It was so hard to pick just one title for this instant patio planter project, because I had so many contenders. Here are just a few of the ideas I discarded
- No Place to Hang a Plant? No Problem!
- Hanging Baskets That Don’t Dry Out!
- I Like Big Pots and I Cannot Lie!
The last one is my favorite.
Anyhow, if you have ever experienced any of the following, this project is for you.
- You are hosting a spring party and none of your planters are pretty yet.
- You bought a hanging basket on impulse and then remembered after you got home you don’t have anyplace to hang one.
- You wanted to buy a hanging basket because it was beautiful, but you didn’t because you have no place to hang one and now you’re sad.
- You buy hanging baskets every year and then before you get to enjoy them, the weather turns scorching and even though you water twice a day, every single plant shrivels and dies while you are at work.
Step 1 – buy a gorgeous Hanging Basket at your garden center.
I have this beauty sitting on an upside down pail so none of my spillers get broken. You can see in the photo evidence of my favorite patio pastime.
So you could take the easy route and just drop that hanging basket into an urn or tall planter – pot and all.
And you can see it will look nice if you do that, but only for a while unless you dedicate yourself watering. See first photo for evidence that I prefer to enjoy my patio in other ways.
If you do take the easy way out buy a premium planter, one that comes in a bigger and deeper pot will last longer. And for Pete’s sake, at least remove the hangers from the pot. It’s easily done and looks so much better than having a purposeless hook in the middle of your planter.
The problem with going the easy way is unless you water twice a day, your planter will still shrivel up and die as soon as you get some hot weather. By the time you bring it home, there isn’t enough soil left in a 12″ hanging basket to sustain the numbers of plants that it holds. The planter above has 8 plants in it! Plus, plants in greenhouses grow best with a light fast draining soil which isn’t always the best for at home. Instead you need to…
Step 2 – prepare a BIG planter with soil.
Use good soil that has lots of organic material in it. Soil that will hold moisture well and is easy to re-wet if it happens to dry out.
Somehow, between finding out the battery on my camera needed charging and the sudden monsoon that happened during this project, I missed taking a photo of this step so here is an awesome video instead. He likes big pots too.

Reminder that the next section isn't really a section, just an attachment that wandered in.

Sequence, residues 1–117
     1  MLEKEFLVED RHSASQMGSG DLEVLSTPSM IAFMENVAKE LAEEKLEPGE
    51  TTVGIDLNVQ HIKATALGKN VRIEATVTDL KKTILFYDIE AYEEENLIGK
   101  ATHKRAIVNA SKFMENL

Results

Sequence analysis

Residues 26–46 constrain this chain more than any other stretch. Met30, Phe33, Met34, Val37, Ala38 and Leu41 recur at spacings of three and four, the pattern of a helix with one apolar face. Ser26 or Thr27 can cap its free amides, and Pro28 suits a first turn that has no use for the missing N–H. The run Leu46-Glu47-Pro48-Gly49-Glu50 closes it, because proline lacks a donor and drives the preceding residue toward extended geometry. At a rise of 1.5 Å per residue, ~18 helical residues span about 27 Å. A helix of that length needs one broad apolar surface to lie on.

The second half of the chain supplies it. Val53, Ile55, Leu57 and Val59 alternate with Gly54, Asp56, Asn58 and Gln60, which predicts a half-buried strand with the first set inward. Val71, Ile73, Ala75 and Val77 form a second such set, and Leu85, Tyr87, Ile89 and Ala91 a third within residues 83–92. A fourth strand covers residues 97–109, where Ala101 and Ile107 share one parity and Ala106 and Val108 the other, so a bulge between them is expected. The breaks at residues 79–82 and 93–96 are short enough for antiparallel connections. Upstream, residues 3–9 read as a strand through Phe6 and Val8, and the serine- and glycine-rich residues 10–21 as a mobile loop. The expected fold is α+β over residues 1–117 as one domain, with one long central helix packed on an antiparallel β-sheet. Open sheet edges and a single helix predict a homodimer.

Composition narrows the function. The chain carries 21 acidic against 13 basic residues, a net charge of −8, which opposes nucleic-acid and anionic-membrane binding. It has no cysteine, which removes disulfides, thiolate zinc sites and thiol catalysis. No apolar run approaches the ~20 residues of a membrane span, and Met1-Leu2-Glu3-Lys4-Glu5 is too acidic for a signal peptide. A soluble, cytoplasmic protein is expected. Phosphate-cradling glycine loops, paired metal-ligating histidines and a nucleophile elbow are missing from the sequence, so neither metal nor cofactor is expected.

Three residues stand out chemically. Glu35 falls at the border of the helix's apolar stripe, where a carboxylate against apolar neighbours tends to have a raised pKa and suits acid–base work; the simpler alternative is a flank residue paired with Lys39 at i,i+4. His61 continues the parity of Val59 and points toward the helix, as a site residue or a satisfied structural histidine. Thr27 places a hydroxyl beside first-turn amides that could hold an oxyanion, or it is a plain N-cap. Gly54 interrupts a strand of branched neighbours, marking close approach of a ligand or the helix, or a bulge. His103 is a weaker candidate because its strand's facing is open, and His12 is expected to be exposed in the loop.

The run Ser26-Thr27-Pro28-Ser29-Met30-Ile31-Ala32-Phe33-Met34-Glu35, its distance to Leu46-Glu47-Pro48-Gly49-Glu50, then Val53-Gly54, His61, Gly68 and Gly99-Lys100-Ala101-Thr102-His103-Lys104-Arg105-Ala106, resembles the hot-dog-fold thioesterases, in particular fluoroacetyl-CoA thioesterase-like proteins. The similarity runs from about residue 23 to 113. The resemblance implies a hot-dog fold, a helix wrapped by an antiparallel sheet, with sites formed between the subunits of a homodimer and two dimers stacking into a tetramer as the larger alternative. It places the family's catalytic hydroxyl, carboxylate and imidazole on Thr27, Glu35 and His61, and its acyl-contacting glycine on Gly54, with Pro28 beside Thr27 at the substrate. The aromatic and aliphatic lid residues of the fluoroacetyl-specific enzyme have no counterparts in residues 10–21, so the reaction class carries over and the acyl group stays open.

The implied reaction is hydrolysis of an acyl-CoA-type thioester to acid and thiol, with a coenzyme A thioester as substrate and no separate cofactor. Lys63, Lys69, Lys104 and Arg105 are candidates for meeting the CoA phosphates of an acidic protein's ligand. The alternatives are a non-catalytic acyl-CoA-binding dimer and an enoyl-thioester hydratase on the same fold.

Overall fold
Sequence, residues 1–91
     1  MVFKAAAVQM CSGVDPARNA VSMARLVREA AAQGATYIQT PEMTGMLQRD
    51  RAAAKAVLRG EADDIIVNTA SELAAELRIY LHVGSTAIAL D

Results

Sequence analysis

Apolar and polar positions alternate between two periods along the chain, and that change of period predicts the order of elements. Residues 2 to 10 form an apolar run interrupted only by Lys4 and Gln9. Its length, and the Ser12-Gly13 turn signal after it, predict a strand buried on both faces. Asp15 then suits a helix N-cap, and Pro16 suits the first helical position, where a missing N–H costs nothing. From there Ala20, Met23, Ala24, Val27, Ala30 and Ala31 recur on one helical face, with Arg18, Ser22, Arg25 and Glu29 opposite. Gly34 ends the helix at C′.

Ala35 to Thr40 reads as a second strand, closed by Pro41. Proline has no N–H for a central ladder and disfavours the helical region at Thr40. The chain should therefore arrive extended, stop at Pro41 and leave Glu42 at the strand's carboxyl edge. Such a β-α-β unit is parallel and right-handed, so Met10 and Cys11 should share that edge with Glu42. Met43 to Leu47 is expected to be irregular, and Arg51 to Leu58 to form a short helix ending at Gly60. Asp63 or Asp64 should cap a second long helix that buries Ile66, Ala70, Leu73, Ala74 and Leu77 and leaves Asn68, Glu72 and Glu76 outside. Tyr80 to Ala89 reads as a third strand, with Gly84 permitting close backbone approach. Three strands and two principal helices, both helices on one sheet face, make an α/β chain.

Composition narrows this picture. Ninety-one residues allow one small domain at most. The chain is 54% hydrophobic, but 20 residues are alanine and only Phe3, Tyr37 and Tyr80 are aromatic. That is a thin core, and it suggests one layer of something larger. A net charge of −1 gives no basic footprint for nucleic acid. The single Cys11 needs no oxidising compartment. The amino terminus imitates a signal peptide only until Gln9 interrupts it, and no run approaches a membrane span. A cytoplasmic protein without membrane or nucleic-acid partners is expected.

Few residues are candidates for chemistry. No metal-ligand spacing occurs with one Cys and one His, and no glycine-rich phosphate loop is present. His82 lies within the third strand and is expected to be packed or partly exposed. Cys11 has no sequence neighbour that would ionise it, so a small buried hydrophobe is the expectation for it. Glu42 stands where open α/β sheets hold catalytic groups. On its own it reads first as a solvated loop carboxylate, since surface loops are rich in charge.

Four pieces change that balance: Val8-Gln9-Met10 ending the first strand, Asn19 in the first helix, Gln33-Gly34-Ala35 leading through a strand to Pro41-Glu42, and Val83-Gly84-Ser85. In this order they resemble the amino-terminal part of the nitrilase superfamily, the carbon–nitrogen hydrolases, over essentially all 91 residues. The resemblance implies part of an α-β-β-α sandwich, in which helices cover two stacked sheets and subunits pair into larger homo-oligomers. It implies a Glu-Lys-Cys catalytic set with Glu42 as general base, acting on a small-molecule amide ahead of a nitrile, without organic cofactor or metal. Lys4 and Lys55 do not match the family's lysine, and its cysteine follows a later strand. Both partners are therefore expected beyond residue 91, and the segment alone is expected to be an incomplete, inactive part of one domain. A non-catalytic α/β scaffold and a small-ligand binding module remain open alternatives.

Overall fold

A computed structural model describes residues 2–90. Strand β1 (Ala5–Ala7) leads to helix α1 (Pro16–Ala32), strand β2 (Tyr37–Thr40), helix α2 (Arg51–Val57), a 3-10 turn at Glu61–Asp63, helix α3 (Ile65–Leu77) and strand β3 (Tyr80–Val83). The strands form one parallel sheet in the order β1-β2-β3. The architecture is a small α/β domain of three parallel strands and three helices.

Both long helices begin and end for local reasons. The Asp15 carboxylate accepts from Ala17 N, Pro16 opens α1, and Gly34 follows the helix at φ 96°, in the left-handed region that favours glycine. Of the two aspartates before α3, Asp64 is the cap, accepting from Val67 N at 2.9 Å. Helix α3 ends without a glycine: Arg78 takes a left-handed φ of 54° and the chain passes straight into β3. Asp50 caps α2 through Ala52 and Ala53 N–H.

You really want to have that planter prepared perfectly before you go to the next steps – trust me!
Step 3 – remove the hangers from the pot.
You will have to carefully reach through the foliage to do this, but basically you push the each strand down as far as it will go with one hand to unclip the hook part. With the other hand reach under the rim of the planter and spread the clips apart and while keeping them spread out, pull it up with the other hand. Or if you’re going to throw the pot away, just cut the hanger off.
Step 4 – the tricky part!
If you still don’t have your planter ready with soil and a planting hole, you’re gonna regret it!
Carefully thread your hand into the center of the planter. You will need to flatten your palm against the soil without crushing any plants. Spread your fingers out as much as you can.
Step 5 – Flip me over and..
Very rarely will it ever just ‘pour out’. Keep the top of the plant balanced on one hand while you pull the pot off.
Remove the drainage saucer. The root ball on this one is gorgeous, but it was in a 12″ basket that was nice and deep instead of the typical 2 for $25 10″ basket.
Step 6 – replant it.
Carefully flip the plant into the planting hole you have prepared in your planter. Gently reach under the foliage and tamp soil around the root ball.
Presto – Instant Gorgeous Patio Planter!
Step 7 – move the planter to it’s new home.
This one is going over by my mailbox where the dogs can’t reach it, because according to my dogs, blue flowers are the tastiest.
The Who, What and How Many!
This planter contains:
- 4 Yellow Begonia
- 2 Coleus of a mounding or trailing type.
- 2 Asparagus ferns
- 2 Lobelia
- 2 Bacopa
It won’t last all summer, or at least not all of it will. As soon as we have a hot spell, the Bacopa will ‘stall’ or stop flowering. They always do when it’s hot. Some varieties are better in heat (the Betty series of bacopa will still have at least some flowers), but Bacopa is not a heat lover. Even worse, without flowers there is nothing attractive about Bacopa. Lobelia, depending on the variety, can also stall. The coleus, begonia and fern are most likely to last through August, but remove any flower spikes from the coleus – they are not attractive.
The planter I used is a shabby old plastic planter I spray painted black last summer. After a winter under the deck, it was looking shabby again so I spray painted it in a deliberately blotchy pattern with brass and copper colored spray paint. The metallic paints give the planter a nice gleam in it’s super shady spot. It looks even nicer now that those stupid little flies are gone again.
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